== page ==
TWO BOOKS FROM CHILDREN OF HOARDERS
I. Coming Clean: A Memoir, by Kimberly Rae Miller
Every night before I went to sleep…[I asked] for the things I wanted most in life: new dolls, a best friend, and for my house to burn down. Kimberly Rae Miller
When Miller’s childhood house actually did burn down, she would find out that her father’s hoarding didn’t vanish along with it. The book’s publisher: “In this moving coming-of-age story, Kim brings to life her rat-infested home, her childhood consumed by concealing her father’s shameful secret from friends, and the emotional burden that ultimately led to an attempt to take her own life. And in beautiful prose, Miller sheds light on her complicated yet loving relationship with her parents that has thrived in spite of the odds.”
The adult writer/actress Miller, author of the new book Coming Clean: A Memoir, eventually realized she needed therapy to deal with the effects of her childhood. Her realization came after she destroyed her box springs in a frantic attempt to root out the (nonexistent) bedbugs causing her itchy discomfort.
The Publishers Weekly review:
As a child Miller realized her family wasn’t like other people’s families with tidy, presentable homes; far from it. A fire destroyed one home when she was in second grade, while the large house they moved into was soon rendered similarly uninhabitable, so that Miller never invited anyone home and had to adopt a ‘decoy’ house to be dropped off at by friends. Eventually she went to college at Emerson in Boston where she kept a clean living space, as she did when she later moved to L.A. and New York City. The reader senses in this horrific story that Miller is still tiptoeing around her family’s dirty secret and hardly revealing the half of it.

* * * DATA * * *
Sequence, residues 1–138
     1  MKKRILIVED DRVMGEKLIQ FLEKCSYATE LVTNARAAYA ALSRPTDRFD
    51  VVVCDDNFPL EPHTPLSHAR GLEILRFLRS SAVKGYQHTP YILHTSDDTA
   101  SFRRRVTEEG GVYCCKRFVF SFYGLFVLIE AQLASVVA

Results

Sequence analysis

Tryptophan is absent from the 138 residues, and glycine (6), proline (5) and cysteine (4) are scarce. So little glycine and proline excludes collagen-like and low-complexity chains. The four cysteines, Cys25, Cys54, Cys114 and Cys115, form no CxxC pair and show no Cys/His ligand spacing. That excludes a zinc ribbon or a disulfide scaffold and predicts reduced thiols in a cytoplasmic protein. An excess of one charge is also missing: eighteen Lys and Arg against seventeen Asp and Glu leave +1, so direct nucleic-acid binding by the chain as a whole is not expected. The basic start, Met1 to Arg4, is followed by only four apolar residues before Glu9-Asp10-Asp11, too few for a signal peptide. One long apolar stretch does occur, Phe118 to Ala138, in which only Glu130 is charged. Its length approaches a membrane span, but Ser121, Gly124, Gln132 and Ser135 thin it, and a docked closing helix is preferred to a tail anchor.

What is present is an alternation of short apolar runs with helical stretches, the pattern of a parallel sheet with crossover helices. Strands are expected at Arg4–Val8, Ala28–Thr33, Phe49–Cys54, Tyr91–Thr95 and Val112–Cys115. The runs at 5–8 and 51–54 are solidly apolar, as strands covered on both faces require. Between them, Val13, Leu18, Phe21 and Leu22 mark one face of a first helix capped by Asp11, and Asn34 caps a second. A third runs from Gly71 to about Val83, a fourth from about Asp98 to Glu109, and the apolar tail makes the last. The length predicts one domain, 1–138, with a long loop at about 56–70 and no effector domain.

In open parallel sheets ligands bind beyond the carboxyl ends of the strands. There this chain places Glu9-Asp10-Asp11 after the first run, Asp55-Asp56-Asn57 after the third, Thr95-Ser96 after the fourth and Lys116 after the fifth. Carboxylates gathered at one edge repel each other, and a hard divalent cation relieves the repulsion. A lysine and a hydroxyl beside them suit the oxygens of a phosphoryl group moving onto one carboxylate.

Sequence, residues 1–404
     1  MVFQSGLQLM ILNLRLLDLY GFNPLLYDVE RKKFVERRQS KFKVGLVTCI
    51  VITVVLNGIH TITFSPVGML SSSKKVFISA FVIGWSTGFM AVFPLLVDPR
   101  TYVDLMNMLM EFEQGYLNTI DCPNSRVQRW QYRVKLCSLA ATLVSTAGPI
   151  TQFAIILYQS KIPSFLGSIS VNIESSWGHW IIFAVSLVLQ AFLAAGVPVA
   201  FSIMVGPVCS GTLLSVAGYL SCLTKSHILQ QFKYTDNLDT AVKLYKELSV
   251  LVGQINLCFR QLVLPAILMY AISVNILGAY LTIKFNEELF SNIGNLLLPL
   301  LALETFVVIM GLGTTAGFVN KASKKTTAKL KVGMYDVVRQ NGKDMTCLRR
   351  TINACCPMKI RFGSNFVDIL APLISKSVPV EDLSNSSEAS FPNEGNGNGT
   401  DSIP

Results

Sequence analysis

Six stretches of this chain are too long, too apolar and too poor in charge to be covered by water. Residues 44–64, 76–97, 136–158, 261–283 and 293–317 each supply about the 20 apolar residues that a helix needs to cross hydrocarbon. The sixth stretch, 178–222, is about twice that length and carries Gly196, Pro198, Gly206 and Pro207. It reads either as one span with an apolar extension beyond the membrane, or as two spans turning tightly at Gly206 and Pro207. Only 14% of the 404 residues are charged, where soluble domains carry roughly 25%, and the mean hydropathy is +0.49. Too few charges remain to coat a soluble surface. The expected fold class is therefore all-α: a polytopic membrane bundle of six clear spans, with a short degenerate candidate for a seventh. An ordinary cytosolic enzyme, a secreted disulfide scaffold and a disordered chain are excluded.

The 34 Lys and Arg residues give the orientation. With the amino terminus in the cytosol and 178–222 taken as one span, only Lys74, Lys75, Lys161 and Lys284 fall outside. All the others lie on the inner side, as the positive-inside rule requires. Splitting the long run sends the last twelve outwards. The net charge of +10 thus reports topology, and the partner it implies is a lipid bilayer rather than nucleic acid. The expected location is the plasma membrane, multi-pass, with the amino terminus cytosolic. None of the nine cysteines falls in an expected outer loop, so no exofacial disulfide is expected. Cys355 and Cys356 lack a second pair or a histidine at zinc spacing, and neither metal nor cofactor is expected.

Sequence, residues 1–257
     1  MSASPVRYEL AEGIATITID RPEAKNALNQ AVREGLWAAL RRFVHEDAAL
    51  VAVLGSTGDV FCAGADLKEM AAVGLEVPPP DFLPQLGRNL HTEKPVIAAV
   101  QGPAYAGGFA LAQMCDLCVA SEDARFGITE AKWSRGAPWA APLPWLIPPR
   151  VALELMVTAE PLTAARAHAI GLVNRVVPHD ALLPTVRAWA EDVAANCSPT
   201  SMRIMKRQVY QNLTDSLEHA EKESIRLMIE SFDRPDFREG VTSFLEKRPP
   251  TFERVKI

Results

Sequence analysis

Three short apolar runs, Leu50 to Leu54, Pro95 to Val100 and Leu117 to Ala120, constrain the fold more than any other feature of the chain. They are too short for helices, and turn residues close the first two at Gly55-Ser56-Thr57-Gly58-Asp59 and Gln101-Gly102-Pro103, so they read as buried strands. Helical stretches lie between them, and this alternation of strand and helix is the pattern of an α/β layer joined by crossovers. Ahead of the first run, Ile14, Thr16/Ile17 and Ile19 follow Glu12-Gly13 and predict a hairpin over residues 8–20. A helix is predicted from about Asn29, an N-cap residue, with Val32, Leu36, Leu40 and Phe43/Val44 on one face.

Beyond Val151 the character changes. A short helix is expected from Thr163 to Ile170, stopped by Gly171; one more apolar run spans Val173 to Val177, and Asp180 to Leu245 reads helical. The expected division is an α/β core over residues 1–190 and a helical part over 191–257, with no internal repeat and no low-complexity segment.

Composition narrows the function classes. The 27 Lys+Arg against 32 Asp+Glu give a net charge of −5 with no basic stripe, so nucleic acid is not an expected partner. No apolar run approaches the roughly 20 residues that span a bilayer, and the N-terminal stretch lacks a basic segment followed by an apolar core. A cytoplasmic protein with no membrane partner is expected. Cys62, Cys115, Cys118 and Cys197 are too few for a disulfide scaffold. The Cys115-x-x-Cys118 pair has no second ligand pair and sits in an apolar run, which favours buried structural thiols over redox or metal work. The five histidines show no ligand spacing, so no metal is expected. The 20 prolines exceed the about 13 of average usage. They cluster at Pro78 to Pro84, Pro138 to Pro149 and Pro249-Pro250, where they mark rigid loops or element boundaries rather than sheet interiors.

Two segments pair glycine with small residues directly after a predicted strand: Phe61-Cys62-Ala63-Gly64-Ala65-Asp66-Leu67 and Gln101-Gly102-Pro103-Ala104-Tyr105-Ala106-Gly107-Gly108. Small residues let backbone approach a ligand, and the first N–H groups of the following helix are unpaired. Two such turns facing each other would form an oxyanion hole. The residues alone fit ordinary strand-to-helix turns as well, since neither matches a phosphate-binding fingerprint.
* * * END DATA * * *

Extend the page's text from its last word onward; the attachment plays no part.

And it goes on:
II. Dirty Secret: A Daughter Comes Clean About Her Mother’s Compulsive Hoarding, Jessie Sholl
The more I talked about my mother’s compulsive hoarding, the weaker my secret became. Until it was gone. Jessie Sholl
Sholl’s book Dirty Secret: A Daughter Comes Clean About Her Mother’s Compulsive Hoardingcame out in 2010, when the issue wasn’t yet widely known.
In an interview at the time with Rebecca Cramer, Kirkus Reviews, Sholl explains a significant turning point in her processing of the experience: she learned “that there’s actually a chemical basis for hoarding. It shows up in brain scans of hoarders that their metabolic activity rates in the parts of the brain that have to do with emotion and decision-making and memory are slower. Just knowing that helped a lot because it made me realize that this is a disease. It’s similar to schizophrenia or even cancer.”
Fugen Neziroglu, Ph.D., co-author of Overcoming Compulsive Hoarding: Why You Save and How You Can Stop, reviews this book:”Suspenseful and novel-like, Dirty Secret is a wonderful, respectful introduction to the world of a hoarder and the tribulations suffered by both the individual who hoards and their family members.”
***For more info about this topic check out the site Children of Hoarders.